Long-term tests

Saab 9-5

Does stylish Swedish saloon have what it takes to fill the shoes of an old favourite?

  • The attention to detail on the 9-5 is simply superb. On the outside, it features concept car looks, while the interior is awash with distinctive flourishes. Add helpful features such as keyless entry and a digital radio, and the car is an absolute joy to live with.
  • Due to its huge torque output, the 2.0 TTiD comes only with a manual box. The set-up is better than the auto on lesser examples, but isn’t perfect. A long throw and clunky action mean it doesn’t like to be rushed – it’s best to take your time and enjoy relaxed progress.

For the past few weeks, I’ve had a car-shaped hole in my life. I recently sold my first ever 
set of wheels – an 
old Saab 900 Turbo, which had occupied 
a massive place in 
my heart (and bank balance) for more than six 
years. And while I don’t regret moving it on, I still miss it.

But with the arrival of our 
new long-term 9-5, that void has been filled – and I’m once again 
a happy man behind the wheel. As a Saab enthusiast, I have a keen interest in the firm’s fate, and hope it overcomes its current struggles – because the latest 9-5 shows exactly what it’s capable of.

Having driven every variant 
of the brand’s new executive car, I knew which version would shine on our fleet. The sporty Aero model, with its deep bumpers, 19-inch turbine alloys and Glacier Silver metallic paint, really catches the eye. The addition of tinted rear windows ensures it looks every inch the expensive executive,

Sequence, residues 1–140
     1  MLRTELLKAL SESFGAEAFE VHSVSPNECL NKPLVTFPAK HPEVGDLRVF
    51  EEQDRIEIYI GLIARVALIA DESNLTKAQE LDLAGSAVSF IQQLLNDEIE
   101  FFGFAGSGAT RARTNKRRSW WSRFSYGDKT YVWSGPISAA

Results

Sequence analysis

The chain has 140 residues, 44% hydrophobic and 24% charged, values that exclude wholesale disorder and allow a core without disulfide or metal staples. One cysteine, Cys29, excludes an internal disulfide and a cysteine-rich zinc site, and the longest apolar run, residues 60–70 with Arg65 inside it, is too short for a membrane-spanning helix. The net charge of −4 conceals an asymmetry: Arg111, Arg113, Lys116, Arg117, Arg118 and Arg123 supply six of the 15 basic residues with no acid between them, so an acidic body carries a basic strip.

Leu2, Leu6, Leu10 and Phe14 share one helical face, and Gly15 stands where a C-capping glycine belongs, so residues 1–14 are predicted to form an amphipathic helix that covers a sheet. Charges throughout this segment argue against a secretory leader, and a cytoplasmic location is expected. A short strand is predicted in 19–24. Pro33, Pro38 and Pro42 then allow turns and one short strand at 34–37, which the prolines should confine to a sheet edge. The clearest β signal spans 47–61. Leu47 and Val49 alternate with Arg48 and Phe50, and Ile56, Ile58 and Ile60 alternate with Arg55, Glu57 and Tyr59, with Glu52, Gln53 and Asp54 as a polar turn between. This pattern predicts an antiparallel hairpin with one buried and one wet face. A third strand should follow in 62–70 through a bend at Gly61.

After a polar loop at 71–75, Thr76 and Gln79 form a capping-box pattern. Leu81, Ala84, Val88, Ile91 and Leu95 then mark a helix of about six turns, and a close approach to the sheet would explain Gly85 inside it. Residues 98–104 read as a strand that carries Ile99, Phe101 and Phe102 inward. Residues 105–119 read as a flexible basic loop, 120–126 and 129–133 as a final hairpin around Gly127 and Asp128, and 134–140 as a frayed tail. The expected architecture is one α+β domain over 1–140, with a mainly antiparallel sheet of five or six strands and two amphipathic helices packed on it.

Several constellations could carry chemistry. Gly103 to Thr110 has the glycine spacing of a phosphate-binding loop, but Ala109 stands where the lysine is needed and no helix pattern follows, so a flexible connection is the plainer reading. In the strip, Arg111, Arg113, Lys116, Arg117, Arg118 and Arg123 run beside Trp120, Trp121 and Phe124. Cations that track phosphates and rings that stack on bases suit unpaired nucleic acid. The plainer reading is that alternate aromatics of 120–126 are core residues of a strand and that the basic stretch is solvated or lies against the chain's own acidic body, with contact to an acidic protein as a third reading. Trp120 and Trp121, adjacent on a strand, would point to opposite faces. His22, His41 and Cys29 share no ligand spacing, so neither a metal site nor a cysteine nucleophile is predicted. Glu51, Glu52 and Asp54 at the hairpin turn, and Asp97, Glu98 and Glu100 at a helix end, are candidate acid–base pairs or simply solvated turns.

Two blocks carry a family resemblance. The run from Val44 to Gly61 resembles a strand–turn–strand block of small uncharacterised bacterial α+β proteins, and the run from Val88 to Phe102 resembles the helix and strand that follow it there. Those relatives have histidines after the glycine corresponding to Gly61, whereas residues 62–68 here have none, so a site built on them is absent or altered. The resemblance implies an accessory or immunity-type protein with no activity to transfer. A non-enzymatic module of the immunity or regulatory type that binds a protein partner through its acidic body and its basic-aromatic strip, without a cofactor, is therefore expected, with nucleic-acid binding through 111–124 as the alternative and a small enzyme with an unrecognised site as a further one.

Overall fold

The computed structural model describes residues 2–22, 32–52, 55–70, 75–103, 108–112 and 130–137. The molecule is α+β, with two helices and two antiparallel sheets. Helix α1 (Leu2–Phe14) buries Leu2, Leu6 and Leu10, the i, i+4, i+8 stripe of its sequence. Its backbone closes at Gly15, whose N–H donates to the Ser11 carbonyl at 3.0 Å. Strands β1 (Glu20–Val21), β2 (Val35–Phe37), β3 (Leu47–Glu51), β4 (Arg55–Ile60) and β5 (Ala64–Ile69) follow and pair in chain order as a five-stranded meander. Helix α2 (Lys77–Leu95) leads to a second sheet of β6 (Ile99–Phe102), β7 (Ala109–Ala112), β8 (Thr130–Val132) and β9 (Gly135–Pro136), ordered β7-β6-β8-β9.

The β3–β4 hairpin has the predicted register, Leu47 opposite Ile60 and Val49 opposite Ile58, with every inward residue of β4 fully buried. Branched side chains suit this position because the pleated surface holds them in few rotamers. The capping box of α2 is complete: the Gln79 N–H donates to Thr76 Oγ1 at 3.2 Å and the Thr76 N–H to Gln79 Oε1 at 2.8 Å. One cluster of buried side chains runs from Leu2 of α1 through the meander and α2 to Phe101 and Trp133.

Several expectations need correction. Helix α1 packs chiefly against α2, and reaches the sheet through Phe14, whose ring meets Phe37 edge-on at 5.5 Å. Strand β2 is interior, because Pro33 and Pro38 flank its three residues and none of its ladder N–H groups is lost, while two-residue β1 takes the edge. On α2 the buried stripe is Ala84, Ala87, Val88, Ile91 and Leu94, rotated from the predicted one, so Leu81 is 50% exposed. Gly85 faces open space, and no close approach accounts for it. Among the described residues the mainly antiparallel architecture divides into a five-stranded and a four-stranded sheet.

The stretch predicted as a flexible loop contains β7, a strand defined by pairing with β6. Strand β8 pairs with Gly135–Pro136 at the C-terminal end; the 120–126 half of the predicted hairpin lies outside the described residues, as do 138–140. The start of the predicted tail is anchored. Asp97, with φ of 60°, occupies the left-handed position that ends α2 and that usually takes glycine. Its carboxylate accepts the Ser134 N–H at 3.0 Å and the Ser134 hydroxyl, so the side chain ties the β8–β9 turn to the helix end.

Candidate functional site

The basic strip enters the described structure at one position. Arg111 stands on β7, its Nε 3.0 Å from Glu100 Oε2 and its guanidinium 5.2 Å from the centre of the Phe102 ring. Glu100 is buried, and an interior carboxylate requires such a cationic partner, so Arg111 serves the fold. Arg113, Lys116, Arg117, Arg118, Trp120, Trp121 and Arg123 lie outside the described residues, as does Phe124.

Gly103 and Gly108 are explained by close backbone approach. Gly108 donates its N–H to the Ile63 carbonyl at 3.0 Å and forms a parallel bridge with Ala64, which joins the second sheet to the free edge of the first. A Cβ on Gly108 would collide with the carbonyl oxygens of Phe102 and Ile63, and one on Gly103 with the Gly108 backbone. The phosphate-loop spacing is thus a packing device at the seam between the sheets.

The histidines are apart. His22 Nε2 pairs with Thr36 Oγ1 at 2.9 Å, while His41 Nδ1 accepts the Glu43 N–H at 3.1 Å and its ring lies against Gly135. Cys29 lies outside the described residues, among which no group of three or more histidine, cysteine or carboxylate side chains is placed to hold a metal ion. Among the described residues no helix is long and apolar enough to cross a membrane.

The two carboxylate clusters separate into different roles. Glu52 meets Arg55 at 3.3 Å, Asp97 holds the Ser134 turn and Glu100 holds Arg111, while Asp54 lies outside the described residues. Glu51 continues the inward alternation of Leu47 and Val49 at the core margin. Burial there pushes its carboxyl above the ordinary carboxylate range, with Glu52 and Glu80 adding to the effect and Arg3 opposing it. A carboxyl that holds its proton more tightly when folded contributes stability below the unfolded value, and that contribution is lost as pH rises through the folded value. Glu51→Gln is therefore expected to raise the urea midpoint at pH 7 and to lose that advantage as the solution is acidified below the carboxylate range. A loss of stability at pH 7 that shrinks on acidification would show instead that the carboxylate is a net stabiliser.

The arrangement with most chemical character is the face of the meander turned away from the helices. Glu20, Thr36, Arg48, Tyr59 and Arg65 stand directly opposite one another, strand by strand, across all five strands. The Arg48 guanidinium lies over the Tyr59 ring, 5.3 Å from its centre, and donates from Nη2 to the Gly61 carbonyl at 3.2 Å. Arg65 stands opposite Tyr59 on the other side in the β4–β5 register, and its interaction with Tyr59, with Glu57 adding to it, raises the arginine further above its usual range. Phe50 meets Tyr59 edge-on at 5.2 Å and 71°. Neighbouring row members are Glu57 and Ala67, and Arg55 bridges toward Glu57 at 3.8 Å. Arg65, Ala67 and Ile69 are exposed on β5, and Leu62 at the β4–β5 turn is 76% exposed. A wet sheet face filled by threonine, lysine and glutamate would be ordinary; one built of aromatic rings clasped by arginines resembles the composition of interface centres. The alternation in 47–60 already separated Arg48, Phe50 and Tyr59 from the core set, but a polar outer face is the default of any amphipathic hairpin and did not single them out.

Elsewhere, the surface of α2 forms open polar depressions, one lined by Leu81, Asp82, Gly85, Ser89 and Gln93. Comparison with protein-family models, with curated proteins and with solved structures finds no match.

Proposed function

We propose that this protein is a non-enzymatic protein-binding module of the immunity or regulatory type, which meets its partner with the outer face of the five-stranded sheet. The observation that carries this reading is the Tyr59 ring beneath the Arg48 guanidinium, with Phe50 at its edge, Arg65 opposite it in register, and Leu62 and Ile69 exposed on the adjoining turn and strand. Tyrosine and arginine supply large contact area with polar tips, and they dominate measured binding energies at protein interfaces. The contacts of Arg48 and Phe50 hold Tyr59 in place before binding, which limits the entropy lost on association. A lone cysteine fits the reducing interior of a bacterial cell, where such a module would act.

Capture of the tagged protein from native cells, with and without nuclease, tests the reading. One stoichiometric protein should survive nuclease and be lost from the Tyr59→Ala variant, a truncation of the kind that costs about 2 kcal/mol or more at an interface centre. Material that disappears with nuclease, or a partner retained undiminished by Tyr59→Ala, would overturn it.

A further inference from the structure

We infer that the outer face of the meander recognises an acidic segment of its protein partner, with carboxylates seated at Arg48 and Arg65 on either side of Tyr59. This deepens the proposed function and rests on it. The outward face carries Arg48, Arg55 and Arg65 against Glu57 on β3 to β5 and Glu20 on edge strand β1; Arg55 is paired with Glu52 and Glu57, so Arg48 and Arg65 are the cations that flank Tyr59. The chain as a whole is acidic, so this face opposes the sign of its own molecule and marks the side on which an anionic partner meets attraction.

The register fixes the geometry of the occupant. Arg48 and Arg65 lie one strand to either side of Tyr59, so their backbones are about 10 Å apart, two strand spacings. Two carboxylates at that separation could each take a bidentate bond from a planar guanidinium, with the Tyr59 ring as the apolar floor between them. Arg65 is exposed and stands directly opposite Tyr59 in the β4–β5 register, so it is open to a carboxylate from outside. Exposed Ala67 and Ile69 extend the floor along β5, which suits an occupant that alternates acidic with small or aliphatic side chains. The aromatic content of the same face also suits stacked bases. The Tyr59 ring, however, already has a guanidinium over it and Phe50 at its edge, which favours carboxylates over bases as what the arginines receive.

and it has huge road presence.

So far, it’s attracted plenty of attention, stopping neighbours in their tracks and provoking lots of positive comments. Those who have ridden in the car have been equally impressed, particularly 
by the amount of room and its distinctive cabin design.

Saab’s trademark curving 
dash incorporates toggle air vent controls and green instrument backlighting, plus the starter button is mounted – where 
else? – between the extremely comfortable parchment leather sports seats. On a recent early morning airport run, the heated seats really came into their own, while the roomy 515-litre boot easily swallowed the luggage. 

What makes our car stand 
out from other models in the Saab range is the way it drives. 
A 2.0-litre diesel engine might sound a bit weedy for a car that weighs nearly two tonnes, but the twin-turbo unit produces a healthy 188bhp. And what really makes the difference is the 400Nm torque output, available from only 1,750rpm. It allows you to short-shift through the ratios and enjoy the virtually uninterrupted acceleration. The only criticism of the powerplant is a slight gruffness on start-up when cold, although this soon subsides, and initial economy 
of 38.6mpg is decent.

Crucially, our car’s chassis really impresses – not only does the Aero model benefit from the range-topping HiPer strut front suspension, but this variant is also specified with the £975 DriveSense control. The knob next to the gearlever lets you select from Comfort, Intelligent and Sport modes, which alter the damping, steering and throttle responses. It all adds up to a driving experience that can be tailored to conditions and personal taste. Our example is a cut above cars riding on the standard suspension. 

We’ve got plenty planned for the 9-5 – as a member of the Saab Owners’ Club, I’ll be taking it to various UK events over the summer, while the removable tow bar means it’s perfect for transporting my Saab track car 
to different circuits. It’s also been earmarked as wedding transport, and I’m looking forward to taking it to Scotland to see my parents.

So although it’s been with us for only a short while, the 9-5 has already made a big impression. And I couldn’t be happier with the gap it’s filled in my life...

Second Opinion

“It’s great that we’ve got a 9-5 on our fleet – this is one of the few cars on the road that really stands out from the crowd. And it has plenty of the character which traditionally sets Saabs apart. You’d never know that it uses pretty much the same running gear as the Vauxhall Insignia!”

Dean Gibson, Deputy chief sub editor

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